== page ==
Project ACE 2 would also inject impetus to the now politically-becalmed enhanced NATO Response Force (eNRF), give some meaning to the concept of an agile 360 degree Alliance that can support all of its flank states in an emergency, and firm up the Eastern and South-Eastern Flanks by creating a much firmer, interlocking command and force hub between US forces in Germany and EFP/TFP forces. In the first instance, the US and UK would have to support such a deployment with both forces and resources, over time the nature of the force and its very capability and capacity would act as a real framework for the development of more deployable, more agile, and more lethal European forces.  Having lived through too many false dawns of European defence such a framework would be far more useful than yet more meaningless EU defence ‘aspirations’, or more empty, hollowed-out force acronyms.

Europeans must wake up and smell the American coffee

Let me now turn to the medium to longer terms, and my wider vision implicit herein. At the heart of my thinking is the need for Europeans to generate sufficiency of strategic ambition that would in turn generate a force/forces that could act as a credible first responder in the event of an emergency with Russia or elsewhere, or even simultaneously, the ‘worst-case’ which Europe’s leaders have for too long dangerously refused to countenance.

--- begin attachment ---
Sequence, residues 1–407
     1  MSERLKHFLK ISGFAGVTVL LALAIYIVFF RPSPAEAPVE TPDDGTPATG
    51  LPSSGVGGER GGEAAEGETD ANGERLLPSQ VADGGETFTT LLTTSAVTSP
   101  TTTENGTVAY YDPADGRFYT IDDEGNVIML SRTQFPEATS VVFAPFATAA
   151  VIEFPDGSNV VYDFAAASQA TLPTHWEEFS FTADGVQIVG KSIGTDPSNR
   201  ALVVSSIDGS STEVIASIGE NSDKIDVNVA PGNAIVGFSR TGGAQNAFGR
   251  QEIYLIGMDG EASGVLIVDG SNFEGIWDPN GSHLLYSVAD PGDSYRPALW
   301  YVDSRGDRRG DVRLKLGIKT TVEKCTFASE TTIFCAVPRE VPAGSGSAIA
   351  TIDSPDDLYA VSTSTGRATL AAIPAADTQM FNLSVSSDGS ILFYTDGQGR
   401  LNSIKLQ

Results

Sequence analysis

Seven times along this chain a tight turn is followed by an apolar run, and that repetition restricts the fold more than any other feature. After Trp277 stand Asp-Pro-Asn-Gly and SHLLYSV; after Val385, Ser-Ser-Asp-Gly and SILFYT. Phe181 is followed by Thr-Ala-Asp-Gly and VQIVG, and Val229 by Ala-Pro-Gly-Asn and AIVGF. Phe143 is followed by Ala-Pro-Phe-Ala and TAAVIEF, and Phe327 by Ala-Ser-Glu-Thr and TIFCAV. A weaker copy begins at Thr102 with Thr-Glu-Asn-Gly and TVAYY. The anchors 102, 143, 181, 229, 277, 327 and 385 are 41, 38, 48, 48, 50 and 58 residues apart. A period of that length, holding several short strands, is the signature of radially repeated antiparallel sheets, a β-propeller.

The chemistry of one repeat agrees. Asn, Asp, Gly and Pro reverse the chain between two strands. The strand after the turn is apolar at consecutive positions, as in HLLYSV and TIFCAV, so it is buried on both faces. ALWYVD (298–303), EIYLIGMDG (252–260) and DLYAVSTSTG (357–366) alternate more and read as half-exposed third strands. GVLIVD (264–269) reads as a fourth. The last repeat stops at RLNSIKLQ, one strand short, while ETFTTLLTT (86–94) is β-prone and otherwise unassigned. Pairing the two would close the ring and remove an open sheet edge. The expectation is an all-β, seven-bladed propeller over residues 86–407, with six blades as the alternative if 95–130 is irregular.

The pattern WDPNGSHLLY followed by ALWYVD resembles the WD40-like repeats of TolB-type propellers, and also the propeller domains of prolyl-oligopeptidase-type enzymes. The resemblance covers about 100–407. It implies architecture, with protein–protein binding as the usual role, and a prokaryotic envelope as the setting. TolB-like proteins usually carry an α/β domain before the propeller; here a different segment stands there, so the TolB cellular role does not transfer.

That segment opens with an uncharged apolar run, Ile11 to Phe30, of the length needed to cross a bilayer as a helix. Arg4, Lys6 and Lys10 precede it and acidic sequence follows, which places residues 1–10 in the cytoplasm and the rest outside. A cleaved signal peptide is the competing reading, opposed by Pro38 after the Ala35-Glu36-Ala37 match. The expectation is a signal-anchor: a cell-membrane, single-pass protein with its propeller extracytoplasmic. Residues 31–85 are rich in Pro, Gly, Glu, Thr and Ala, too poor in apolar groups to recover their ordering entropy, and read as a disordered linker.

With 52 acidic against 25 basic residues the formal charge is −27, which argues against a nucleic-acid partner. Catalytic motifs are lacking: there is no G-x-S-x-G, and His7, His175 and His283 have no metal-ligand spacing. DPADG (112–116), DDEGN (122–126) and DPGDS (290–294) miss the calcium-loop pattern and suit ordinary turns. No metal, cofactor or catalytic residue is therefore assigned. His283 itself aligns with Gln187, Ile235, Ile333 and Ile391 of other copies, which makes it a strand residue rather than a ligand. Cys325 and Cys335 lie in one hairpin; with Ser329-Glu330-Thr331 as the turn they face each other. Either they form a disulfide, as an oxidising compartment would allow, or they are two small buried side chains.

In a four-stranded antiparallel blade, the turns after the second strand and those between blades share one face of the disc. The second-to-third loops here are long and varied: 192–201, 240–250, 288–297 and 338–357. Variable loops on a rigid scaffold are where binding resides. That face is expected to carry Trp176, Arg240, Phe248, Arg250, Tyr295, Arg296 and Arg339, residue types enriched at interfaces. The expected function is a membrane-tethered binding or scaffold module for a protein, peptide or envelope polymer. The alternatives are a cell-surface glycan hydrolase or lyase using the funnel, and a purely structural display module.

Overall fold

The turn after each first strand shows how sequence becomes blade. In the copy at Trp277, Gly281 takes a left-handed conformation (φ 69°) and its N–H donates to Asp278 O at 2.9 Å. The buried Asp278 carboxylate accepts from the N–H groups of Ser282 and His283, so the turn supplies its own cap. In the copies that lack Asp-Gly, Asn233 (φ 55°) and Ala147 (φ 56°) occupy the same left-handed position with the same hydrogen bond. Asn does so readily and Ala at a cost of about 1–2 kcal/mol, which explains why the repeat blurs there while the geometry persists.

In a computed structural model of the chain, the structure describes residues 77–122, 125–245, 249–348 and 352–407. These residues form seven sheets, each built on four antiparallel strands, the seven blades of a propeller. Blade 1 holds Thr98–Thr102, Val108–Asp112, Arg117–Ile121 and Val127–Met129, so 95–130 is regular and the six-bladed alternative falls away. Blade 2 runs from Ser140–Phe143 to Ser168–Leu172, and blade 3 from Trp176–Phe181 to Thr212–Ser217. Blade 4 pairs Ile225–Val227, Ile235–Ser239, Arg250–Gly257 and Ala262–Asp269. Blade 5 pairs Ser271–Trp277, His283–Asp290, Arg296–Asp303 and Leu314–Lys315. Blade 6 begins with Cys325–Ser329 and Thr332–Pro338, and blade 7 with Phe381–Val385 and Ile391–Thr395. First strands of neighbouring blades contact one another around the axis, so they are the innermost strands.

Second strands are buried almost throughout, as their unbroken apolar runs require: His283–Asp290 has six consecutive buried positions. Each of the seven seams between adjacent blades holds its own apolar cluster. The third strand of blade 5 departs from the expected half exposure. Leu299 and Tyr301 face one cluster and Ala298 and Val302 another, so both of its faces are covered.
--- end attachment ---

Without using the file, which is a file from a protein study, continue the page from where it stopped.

NATO’s adapted strategic concept should be a future Alliance that enables US forces to act as the global West’s GRAND STRATEGIC GLOBAL HEAVY MOBILE FORCE (deliberate caps) designed to add support to front line allies, be they in Asia-Pacific or Europe. To that end, the work the Alliance has done on establishing NATO Standards from force generation to coalition command and control (C2) and beyond should be shared, and further developed, with the likes of Australia, Japan and South Korea. This would enable the word’s democracies, centred upon the United States, to form a matrix of capable first responders to which the US could add critical weight when and where necessary.

Indeed, I am increasingly of the view that if Allied ‘deterrence’ is to work it must be seen in the context of the global challenge from strategic autocracies, and the strategically intolerant, to the US-centric global ‘West’, which is more idea than place. Such ‘deterrence’ will not be established or assured by diluting the cross domain fighting power of US forces by forcing them to offset Allied weaknesses in disparate theatres. All that does is afford the adversary the timing, nature and opportunity to do their worst in the way they would wish. Rather, any adversary must be fully aware that the future US strategic global heavy mobile force could and would act swiftly and decisively across the seven domains of contemporary and future warfare.

Less balance sheet, more power